Remembering the Barrett Silos port explosion is at the center of the discussion

Beirut (AP) – Gasan Hasrauti spent most of his life working on silos at the port of Beirut, unloading grain to feed the country, despite fighting around him during the 1975-90 civil war.

Decades later, it crumbled under the same silos, gutting their huge cement structure with the force of the August 4 explosion at the port.Meanwhile, 2,750 tons of improperly stored ammonium nitrates ignited in one of the largest non-nuclear explosions in history.

In a terrifying moment, An explosion of power has devastated Beirut, killing more than 200 people and scarring survivors of the horrors and devastation..

Hasroti’s son Eli seeks justice for his father and thinks the silos should remain a “shameful sign” and a reminder of the corruption and negligence of politicians who blame so many Lebanese for the tragedy.

A study released by the government following the tragedy said that 0-year-old silos could collapse at any moment and should be dismantled, sparking an emotional debate among city dwellers on how to preserve the memory of the tragedy.

In Lebanon, where a culture of emancipation has long prevailed and where there has been little justice behind violent attacks, bombings and killings, the debate is in doubt.

Sara Jafar believes that the government wants to eradicate Silo and proceed as if nothing has happened. “It reminds me of what they did,” said Jaffer, the architect whose apartment was destroyed in the blast at the sight of the silo.

He said, ‘I never want to lose my temper.’

Outrage erupts just days after catastrophic blast, Lebanese PM Hassan Diab resignsSaying, the country’s local corruption was “bigger than the state.”

The huge, 48-meter-high silos absorbed much of the impact of the blast, effectively protecting the western part of the city from a blast that damaged or completely destroyed thousands of buildings..

An investigation into how such a large quantity of hazardous chemicals was poorly stored under the noses of the port authorities for years and the huge political leadership has come forward. Rights groups and families are concerned that this is a ploy to protect senior officials, none of whom have yet been detained or charged with malpractice.

More than four months later, rotten wheat is emerging from cut but still standing silos, which account for 85% of Lebanon’s grain. Garbage and rats have found a home among the wrecked people.

Emmanuel Durand, a French civil engineer who volunteered for a government-led team of experts, spent several weeks using a laser scanner to collect digital data for analysis of silos structures after the explosion.

Although they appear to be structural from a distance, the silos are tilted and their foundations are broken, causing ical cracks in both of them. They could collapse at any moment, Durand said, however, when it is impossible to calculate.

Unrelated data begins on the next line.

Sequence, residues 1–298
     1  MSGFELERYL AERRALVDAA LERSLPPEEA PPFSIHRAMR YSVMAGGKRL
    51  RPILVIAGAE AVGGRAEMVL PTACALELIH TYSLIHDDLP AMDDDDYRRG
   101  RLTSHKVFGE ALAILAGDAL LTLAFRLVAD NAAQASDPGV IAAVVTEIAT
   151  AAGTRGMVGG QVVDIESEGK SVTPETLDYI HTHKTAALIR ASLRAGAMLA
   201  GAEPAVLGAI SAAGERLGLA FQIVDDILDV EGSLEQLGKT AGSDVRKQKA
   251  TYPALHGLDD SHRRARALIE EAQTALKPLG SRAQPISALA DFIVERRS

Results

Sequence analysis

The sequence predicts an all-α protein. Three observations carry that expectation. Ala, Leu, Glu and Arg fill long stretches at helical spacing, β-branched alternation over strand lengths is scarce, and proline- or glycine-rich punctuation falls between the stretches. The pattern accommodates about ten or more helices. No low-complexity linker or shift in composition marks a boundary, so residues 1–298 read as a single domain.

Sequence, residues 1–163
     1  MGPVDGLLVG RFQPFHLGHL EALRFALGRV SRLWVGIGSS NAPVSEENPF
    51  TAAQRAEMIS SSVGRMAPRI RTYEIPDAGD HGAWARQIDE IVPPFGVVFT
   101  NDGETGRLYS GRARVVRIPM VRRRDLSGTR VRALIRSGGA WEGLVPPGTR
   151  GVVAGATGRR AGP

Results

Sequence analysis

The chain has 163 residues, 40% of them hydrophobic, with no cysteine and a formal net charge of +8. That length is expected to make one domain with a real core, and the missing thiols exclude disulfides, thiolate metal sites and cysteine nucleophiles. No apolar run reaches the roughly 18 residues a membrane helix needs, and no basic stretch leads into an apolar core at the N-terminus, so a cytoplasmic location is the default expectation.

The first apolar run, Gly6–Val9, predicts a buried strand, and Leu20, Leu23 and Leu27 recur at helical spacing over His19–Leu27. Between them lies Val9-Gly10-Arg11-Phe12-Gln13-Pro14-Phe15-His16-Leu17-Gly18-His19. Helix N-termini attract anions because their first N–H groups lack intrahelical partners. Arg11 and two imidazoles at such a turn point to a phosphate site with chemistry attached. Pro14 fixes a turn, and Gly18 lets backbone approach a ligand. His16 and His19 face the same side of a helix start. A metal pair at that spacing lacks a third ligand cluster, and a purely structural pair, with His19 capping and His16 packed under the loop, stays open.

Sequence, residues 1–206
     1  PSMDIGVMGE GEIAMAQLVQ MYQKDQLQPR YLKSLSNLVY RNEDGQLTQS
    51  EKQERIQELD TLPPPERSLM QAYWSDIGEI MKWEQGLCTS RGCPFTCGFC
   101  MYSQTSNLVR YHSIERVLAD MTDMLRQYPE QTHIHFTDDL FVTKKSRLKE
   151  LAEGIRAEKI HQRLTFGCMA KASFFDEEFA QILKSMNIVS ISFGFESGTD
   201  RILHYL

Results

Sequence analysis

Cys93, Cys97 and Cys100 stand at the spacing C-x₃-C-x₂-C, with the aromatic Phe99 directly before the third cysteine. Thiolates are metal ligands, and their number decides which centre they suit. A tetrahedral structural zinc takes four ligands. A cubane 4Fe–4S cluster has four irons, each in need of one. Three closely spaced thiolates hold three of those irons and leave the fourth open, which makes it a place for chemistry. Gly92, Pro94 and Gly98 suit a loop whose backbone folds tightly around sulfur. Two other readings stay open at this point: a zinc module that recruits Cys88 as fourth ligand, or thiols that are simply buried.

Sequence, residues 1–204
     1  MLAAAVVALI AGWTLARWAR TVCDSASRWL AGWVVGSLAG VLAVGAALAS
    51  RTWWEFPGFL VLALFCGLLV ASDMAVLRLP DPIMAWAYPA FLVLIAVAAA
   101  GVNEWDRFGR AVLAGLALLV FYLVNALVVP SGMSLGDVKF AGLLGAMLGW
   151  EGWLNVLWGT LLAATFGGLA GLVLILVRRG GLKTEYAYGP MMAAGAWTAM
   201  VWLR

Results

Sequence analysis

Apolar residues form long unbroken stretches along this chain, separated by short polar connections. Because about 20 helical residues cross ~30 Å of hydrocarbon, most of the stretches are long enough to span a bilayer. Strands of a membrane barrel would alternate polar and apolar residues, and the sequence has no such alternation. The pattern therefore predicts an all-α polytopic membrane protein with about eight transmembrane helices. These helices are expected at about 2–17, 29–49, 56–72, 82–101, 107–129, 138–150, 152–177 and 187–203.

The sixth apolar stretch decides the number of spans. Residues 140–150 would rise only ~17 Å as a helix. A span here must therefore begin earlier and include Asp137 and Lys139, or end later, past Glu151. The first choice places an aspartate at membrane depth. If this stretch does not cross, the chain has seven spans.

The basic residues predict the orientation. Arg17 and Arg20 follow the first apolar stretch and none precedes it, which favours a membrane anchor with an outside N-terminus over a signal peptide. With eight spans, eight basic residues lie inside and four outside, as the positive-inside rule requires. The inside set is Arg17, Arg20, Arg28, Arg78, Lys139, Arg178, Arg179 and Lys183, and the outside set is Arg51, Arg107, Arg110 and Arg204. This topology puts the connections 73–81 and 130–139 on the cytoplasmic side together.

“Silos are just as strong as eggs as long as they have integrity,” Durand said. “Now if the shell of the egg is a little broken it becomes very weak and you will have no trouble crushing the egg.”

Durand said the army plans to demolish the silo with equipment that crushes concrete and rubber. Kuwait, which funded the Silo building in the 1970s, has offered to donate to rebuild it.

Subsequently, it was proposed by Fadi Abbod, former tourism minister and member of the Free Patriotic Movement, the largest Christian party, to make Balbak a port, a port and silos that collided with the Roman ruins a “tourist attraction.”

The families of the victims protested and called it a free commercialization of the place where many people died.

“In their dreams!” Gilbert Carane, whose 27-year-old fianc was sworn to firefighter Sahar Ferres, died in the blaze just before the explosion. “They will not benefit the martyrs.”

Jonathan Dagher, a journalist with independent media online media platform Megaphone, said Abboud’s words were consistent with remarks by party leader Gabran Basil, who said the blast could be turned into a “big opportunity” to gain international support for Lebanon’s cash. Striped government.

“These words are no accident” and what happened will affect the tragedy, Dagher said.

There are concerns that the port blast could be treated like Lebanon’s 15-year civil war.

War is not taught in school textbooks. There is no memorial to the 17,000 people missing from the war. In the wake of the general amnesty, fighters and military leaders dominated the country’s post-war politics. After the war, downtown Beirut was quickly rebuilt, a high-rise corporate hub emerging from ruins and destruction.

Jaffer, the architect, said the pushback against breaking the silos was due to the fear that a similar scenario based on the “concept of amnesia” – if you don’t see it – it didn’t happen – was being engineered for 4 Aug Gust. Explosion.

Lebanese architect Carlos Maubarak says guttural silos should stay in their place, echoing forever huge explosions for their huge size.

“There’s something very powerful about Silo,” he said. “They are now part of the collective memory of the people.”

Maubarak has created a memorial park on the site, with silos as the focal point, a commemorative ring on the crater, a museum and a green space. The goal, he said, is to honor the victims and survivors while also capturing a sense of unity among Lebanese in the wake of the blast. He is now trying to find ways to fund it.

Eli Hasrotti’s father and grandfather both worked in Silo after the construction.

His father, 59, called home 40 minutes before the blast to tell his wife that the new shipment of grain kept him there late and to send his favorite pillows and bedsheets for the unplanned at night at work.

His remains were found at the bottom of the silos, 14 days later.

Siso should “live as a witness to corruption so we can learn,” Hasroti said. “Something must change.”